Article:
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Full text of "War-time financial problems"

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OUR  FOREIGN DEBT             123

it was raised under a special Act, amounted to £si|
millions. It is also quite possible that fair amounts
of our Treasury bills, perhaps also of our Temporary
Advances and of our other war securities, have been
taken up by foreigners ; but quite apart from that
the two items already referred to now amount to
more than £1000 millions", though at the end of
March last their amount was only £988 millions. It
is also well known that we have during the course
of the war realised abroad the cream of our foreign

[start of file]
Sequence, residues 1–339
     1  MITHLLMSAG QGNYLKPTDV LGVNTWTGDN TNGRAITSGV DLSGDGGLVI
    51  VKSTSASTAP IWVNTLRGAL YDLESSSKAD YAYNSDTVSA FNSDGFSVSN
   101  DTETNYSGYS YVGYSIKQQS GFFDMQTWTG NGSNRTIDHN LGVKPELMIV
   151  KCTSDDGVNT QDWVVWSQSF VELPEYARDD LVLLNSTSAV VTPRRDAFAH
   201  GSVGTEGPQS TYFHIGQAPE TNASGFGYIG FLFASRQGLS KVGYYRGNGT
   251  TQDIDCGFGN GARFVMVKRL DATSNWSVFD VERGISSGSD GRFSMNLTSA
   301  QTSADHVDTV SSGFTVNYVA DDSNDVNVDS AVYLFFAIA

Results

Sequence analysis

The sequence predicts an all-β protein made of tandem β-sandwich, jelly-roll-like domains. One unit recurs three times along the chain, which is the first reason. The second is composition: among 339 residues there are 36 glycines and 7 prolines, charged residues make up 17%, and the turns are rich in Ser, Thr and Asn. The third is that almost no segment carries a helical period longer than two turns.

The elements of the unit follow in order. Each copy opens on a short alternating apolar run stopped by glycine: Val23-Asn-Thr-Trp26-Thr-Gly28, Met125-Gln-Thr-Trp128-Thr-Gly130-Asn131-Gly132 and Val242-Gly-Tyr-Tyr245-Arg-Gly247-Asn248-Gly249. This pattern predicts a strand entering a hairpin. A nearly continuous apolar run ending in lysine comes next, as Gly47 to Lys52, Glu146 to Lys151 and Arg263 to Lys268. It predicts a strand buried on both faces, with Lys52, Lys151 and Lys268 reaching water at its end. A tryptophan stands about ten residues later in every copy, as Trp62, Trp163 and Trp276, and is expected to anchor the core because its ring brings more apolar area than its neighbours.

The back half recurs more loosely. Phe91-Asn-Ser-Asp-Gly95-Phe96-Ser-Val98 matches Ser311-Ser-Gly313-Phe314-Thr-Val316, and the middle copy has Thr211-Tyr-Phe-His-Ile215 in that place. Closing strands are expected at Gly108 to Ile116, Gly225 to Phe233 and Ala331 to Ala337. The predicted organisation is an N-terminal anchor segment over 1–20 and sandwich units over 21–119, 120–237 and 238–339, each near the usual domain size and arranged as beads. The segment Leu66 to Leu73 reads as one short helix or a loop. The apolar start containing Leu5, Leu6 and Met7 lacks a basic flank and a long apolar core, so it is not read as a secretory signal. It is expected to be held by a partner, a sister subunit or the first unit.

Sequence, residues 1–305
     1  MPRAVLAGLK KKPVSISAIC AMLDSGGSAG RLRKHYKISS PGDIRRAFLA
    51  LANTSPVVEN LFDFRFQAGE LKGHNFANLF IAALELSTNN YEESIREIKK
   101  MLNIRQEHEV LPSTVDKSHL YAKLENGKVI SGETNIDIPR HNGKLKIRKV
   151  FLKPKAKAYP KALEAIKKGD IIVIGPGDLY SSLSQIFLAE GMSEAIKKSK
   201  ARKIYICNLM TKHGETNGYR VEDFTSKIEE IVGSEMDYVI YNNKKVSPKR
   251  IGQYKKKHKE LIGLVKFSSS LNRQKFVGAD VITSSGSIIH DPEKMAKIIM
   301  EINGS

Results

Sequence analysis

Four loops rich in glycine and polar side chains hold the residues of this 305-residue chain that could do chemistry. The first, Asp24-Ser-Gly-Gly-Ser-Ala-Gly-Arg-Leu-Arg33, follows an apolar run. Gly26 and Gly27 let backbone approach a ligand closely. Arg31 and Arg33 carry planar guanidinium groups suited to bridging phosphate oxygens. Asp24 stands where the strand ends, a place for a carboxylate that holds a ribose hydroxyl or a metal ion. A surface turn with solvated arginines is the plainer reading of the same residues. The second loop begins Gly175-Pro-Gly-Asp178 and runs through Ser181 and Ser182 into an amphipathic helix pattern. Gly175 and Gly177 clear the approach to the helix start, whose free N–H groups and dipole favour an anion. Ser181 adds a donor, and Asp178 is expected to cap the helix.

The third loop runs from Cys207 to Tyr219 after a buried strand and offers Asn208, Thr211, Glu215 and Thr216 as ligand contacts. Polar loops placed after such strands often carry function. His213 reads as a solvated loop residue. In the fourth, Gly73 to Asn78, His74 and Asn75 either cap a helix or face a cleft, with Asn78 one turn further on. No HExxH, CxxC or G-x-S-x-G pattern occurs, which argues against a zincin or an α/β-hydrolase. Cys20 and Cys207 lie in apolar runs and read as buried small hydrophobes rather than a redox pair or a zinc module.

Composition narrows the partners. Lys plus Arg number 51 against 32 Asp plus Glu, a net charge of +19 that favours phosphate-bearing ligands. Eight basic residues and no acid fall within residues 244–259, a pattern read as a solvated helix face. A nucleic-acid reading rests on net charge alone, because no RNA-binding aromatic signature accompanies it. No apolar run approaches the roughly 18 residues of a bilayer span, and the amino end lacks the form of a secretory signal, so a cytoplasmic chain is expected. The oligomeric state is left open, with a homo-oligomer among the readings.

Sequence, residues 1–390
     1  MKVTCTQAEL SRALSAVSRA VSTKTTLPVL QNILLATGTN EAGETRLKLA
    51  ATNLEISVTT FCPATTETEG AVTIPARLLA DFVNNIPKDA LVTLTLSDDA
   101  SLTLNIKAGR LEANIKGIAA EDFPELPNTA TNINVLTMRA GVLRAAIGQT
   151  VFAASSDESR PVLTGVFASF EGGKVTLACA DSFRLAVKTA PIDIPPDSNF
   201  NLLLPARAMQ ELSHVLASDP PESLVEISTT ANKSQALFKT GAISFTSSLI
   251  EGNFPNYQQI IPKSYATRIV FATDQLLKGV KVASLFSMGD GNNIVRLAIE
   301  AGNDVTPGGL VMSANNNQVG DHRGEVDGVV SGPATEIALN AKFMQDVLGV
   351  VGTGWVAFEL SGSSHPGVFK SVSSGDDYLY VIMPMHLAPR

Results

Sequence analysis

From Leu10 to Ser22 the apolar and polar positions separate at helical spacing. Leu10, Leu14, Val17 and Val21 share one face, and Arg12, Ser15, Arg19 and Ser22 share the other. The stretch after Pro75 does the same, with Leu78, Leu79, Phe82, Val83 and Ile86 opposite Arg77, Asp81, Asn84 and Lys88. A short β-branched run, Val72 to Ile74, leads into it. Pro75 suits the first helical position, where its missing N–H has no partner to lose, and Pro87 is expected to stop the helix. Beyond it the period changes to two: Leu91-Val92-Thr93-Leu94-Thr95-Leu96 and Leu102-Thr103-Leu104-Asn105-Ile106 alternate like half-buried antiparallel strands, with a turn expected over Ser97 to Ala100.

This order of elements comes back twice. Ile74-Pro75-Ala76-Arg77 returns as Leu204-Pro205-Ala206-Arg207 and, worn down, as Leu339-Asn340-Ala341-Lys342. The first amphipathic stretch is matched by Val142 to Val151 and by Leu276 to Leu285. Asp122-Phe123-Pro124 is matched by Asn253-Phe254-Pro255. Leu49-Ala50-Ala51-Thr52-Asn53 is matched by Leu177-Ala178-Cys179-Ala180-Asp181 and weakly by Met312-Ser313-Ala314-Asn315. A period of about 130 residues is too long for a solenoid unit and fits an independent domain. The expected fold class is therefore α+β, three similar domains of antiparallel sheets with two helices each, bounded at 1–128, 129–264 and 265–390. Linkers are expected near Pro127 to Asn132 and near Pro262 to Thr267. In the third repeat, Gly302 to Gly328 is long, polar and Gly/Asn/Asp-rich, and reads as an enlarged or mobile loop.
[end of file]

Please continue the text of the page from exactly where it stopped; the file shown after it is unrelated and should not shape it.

investments, American Railroad Bonds, Municipal
and Government holdings in Scandinavia, Argentina,
and elsewhere, to an amount concerning which no
accurate estimate can be made, except by those who
have access to the Arcana of the Treasury. It may,
however, be taken as roughly true that so far the
extent of our total borrowings and realisation of
securities abroad has been balanced by our loans to
our Allies and Dominions, which amounted at the
end of March last to £1526 millions. We have thus
entered into an enormous liability on foreign debts
and sold a batch of very excellent securities on
which we used to receive interest from abroad in
the shape of goods and services, against which we
now hold claims upon our Allies and Dominions, in
respect to the greater part of which it would be
absurd to pretend that we can rely on receiving
interest for some years after the war, in view of the
much greater economic strain imposed by the war
upon our Allies.

Germany, of course, has been doing these things
also.    Germany   has   parted   with   her   foreign